However, he participated in the storming of the Bastille on 14 July 1789 and in the revolutionary days of 20 June and 10 August. Lieutenant-colonel of the gendarmerie in 1793, général de brigade in the Vendée, under the protection of general Charles Philippe Ronsin, he was made commander-in-chief of the armée de l'Ouest on 27 July 1793, he reported several successes. As a general Rossignol was accused of incompetence by his subordinate, Augustin Tuncq, he was removed from that role on 23 August 1793 by representatives on mission Léonard Bourdon and Philippe Charles Aimé Goupilleau de Montaigu, but so was defended by Georges Danton and returned to it on 28 August 1793 by the National Convention, supported by Robespierre and Hébert at the Club des Jacobins in September 1793. He became commander in chief of the armée des côtes de Brest, armée de l'Ouest and armée des côtes de Cherbourg on 12 November 1793, he was reestablished in this role several times despite a notorious inability. He proposed a plan to the advocates of the council of war at Saumur was called absurd by Philippeaux and by the soldiers of the armée de Mayence, interested in the outcome.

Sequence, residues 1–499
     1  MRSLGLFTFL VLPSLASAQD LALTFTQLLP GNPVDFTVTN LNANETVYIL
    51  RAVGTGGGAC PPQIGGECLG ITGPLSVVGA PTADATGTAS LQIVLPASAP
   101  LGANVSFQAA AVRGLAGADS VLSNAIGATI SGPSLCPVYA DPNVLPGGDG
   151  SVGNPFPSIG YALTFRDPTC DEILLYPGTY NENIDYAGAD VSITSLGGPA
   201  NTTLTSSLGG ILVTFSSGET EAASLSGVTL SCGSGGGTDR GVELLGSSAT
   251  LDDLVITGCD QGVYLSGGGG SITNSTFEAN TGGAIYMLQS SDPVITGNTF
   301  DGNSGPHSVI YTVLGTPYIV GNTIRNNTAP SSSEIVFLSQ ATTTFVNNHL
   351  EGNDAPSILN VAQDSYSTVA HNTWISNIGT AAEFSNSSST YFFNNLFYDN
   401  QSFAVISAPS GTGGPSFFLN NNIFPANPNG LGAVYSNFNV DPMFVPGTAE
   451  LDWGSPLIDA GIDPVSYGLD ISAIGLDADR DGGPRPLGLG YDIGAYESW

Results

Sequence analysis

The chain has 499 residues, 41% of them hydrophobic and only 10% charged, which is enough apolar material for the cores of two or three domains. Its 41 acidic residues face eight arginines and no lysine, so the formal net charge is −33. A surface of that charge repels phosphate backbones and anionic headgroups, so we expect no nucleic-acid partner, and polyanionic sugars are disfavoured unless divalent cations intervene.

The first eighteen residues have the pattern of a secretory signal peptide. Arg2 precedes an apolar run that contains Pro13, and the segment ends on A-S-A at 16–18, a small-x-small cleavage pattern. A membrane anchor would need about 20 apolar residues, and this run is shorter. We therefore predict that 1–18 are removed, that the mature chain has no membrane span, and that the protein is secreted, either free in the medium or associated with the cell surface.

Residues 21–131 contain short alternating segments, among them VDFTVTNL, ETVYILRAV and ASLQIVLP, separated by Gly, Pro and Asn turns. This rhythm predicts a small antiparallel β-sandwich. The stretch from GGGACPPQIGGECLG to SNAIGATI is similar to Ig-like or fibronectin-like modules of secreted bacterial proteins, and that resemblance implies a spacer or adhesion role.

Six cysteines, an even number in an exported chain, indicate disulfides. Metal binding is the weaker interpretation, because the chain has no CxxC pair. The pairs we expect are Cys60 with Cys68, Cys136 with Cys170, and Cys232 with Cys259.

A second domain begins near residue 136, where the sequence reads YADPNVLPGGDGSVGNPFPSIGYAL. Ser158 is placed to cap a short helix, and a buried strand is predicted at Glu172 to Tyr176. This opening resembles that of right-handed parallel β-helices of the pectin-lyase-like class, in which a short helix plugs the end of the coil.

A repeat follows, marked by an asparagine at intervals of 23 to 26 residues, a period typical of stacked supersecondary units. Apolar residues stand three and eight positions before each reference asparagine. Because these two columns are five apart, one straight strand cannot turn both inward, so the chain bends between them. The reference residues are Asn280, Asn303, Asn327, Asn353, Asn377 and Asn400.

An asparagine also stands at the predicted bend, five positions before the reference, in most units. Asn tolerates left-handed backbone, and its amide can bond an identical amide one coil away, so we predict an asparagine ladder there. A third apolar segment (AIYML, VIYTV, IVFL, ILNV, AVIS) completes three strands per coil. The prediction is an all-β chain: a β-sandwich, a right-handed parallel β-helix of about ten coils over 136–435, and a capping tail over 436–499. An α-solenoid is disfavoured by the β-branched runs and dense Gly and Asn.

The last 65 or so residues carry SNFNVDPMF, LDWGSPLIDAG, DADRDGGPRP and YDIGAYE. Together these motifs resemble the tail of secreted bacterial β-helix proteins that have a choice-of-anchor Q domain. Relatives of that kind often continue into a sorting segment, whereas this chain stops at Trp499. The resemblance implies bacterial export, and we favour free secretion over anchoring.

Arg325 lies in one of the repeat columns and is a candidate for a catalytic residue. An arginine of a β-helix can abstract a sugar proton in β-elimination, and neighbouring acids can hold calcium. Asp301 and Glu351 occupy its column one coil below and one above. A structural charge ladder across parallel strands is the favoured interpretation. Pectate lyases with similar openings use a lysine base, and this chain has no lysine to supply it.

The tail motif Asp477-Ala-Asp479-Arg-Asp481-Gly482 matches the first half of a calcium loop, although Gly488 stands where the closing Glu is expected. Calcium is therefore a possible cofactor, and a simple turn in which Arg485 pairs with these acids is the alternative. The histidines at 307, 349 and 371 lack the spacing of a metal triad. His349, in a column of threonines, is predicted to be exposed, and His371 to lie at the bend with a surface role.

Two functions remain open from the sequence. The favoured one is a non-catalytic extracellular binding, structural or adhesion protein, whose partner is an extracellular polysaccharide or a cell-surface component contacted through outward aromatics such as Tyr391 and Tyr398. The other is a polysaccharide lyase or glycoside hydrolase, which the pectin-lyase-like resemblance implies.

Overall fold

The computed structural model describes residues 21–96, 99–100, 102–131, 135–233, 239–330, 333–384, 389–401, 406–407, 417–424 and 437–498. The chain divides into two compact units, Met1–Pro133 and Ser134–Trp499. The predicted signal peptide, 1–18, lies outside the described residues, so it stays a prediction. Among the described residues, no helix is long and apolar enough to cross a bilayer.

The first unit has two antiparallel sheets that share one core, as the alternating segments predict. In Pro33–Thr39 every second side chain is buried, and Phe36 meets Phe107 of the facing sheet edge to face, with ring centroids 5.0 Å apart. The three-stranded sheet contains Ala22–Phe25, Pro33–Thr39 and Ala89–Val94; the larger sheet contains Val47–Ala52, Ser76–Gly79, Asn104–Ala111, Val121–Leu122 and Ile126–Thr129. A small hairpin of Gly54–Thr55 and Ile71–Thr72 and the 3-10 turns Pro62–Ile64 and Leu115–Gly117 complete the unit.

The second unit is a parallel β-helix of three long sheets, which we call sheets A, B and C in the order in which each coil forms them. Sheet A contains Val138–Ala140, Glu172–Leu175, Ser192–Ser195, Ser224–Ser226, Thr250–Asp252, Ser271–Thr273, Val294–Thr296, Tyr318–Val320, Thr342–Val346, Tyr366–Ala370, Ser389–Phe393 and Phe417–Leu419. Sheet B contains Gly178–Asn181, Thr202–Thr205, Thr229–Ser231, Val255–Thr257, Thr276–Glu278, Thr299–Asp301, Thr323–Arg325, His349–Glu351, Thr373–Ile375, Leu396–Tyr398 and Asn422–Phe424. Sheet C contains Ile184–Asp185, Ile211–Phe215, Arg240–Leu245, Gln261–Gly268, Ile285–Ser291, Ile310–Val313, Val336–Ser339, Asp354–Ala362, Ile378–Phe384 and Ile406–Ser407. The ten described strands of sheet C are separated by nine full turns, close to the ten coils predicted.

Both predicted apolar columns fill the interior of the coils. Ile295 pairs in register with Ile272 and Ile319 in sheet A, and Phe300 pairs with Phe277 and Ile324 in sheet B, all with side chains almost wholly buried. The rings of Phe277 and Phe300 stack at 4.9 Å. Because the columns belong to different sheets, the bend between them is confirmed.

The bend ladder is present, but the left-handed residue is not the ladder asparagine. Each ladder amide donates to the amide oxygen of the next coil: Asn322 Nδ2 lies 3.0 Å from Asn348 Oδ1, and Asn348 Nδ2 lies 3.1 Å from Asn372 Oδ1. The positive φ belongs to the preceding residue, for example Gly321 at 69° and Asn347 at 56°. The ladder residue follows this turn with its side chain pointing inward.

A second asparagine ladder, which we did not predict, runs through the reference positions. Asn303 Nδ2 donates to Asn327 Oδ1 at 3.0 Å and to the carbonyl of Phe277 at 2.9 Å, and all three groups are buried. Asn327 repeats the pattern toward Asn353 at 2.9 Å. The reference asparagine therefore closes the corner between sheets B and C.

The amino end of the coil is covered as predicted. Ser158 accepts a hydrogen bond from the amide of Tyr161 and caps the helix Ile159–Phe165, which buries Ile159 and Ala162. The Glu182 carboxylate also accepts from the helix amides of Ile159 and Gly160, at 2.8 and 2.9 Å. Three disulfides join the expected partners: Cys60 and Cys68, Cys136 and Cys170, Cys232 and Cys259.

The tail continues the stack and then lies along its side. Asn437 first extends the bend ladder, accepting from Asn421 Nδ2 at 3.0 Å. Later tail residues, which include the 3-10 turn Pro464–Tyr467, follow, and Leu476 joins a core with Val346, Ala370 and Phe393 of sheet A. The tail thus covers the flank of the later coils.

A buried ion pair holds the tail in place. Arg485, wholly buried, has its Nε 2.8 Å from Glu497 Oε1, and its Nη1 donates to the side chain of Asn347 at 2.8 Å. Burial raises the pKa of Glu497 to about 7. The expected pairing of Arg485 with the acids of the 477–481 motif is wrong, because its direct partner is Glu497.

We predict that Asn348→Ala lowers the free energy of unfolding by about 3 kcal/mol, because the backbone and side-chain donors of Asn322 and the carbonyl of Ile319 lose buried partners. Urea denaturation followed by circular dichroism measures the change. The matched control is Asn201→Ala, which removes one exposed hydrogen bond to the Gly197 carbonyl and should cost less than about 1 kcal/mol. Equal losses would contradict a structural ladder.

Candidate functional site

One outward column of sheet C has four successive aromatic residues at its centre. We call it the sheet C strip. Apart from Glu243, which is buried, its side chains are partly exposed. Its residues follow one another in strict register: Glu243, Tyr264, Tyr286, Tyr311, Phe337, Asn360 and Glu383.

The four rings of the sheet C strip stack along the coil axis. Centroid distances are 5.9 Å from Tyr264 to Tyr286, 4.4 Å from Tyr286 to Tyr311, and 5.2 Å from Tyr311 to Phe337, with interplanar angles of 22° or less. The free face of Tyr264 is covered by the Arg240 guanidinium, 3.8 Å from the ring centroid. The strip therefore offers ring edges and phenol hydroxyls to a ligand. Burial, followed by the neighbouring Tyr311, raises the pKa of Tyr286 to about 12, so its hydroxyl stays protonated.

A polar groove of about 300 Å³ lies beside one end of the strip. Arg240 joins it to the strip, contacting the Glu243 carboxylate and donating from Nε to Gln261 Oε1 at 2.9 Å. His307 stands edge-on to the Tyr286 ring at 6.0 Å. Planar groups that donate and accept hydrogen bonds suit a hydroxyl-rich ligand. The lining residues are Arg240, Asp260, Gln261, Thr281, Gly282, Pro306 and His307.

Rossignol insisted and showed that the project that he supported was the only one that could be executed. The votes divided up and he said "I see what I am in - the plan is indisputable, it was me, bothering everyone; this gesture decided no one and Rossignol, in abstaining from taking part in the second vote, allowed his opponents to triumph in principle—but only in principle, for the turning march that they decided on resulted in the delays that he knew it would and the glorious defeat of the Mayenians themselves. It can be believed that the plan by Rossignol, an ignorant general, was not the best one, but we have an authoritative opinion of some value on the point—that of Napoleon himself. Judging the operations of the War in the Vendee at a distance, he declared that the only party to take to the Council of Saumur was to march directly and en masse, re-stating in several lines the plan proposed by Rossignol; the conduct of general Rossignol in the Vendee war, like that of all the Hébertist generals, was poorly appreciated by historians writing at a distance from the passions of that conflict.